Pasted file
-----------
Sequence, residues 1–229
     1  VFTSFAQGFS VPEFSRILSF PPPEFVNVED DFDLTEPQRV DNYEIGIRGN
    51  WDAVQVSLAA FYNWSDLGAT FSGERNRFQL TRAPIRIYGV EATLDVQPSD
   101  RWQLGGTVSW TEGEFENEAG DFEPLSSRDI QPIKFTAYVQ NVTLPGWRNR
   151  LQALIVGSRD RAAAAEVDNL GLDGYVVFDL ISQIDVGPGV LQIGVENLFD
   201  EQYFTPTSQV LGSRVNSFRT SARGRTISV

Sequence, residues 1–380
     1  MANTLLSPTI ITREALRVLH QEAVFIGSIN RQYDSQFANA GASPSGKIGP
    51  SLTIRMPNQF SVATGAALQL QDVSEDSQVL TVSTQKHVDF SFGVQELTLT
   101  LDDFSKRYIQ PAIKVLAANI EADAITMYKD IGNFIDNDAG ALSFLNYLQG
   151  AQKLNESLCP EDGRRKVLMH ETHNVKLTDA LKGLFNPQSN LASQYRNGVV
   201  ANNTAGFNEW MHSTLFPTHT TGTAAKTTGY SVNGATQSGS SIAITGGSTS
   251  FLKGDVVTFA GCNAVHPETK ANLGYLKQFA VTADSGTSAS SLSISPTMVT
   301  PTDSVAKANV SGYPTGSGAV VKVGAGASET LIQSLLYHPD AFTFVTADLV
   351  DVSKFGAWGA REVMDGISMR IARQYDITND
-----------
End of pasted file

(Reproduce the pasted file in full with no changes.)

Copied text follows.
Sequence, residues 1–229
     1  VFTSFAQGFS VPEFSRILSF PPPEFVNVED DFDLTEPQRV DNYEIGIRGN
    51  WDAVQVSLAA FYNWSDLGAT FSGERNRFQL TRAPIRIYGV EATLDVQPSD
   101  RWQLGGTVSW TEGEFENEAG DFEPLSSRDI QPIKFTAYVQ NVTLPGWRNR
   151  LQALIVGSRD RAAAAEVDNL GLDGYVVFDL ISQIDVGPGV LQIGVENLFD
   201  EQYFTPTSQV LGSRVNSFRT SARGRTISV

Sequence, residues 1–380
     1  MANTLLSPTI ITREALRVLH QEAVFIGSIN RQYDSQFANA GASPSGKIGP
    51  SLTIRMPNQF SVATGAALQL QDVSEDSQVL TVSTQKHVDF SFGVQELTLT
   101  LDDFSKRYIQ PAIKVLAANI EADAITMYKD IGNFIDNDAG ALSFLNYLQG
   151  AQKLNESLCP EDGRRKVLMH ETHNVKLTDA LKGLFNPQSN LASQYRNGVV
   201  ANNTAGFNEW MHSTLFPTHT TGTAAKTTGY SVNGATQSGS SIAITGGSTS
   251  FLKGDVVTFA GCNAVHPETK ANLGYLKQFA VTADSGTSAS SLSISPTMVT
   301  PTDSVAKANV SGYPTGSGAV VKVGAGASET LIQSLLYHPD AFTFVTADLV
   351  DVSKFGAWGA REVMDGISMR IARQYDITND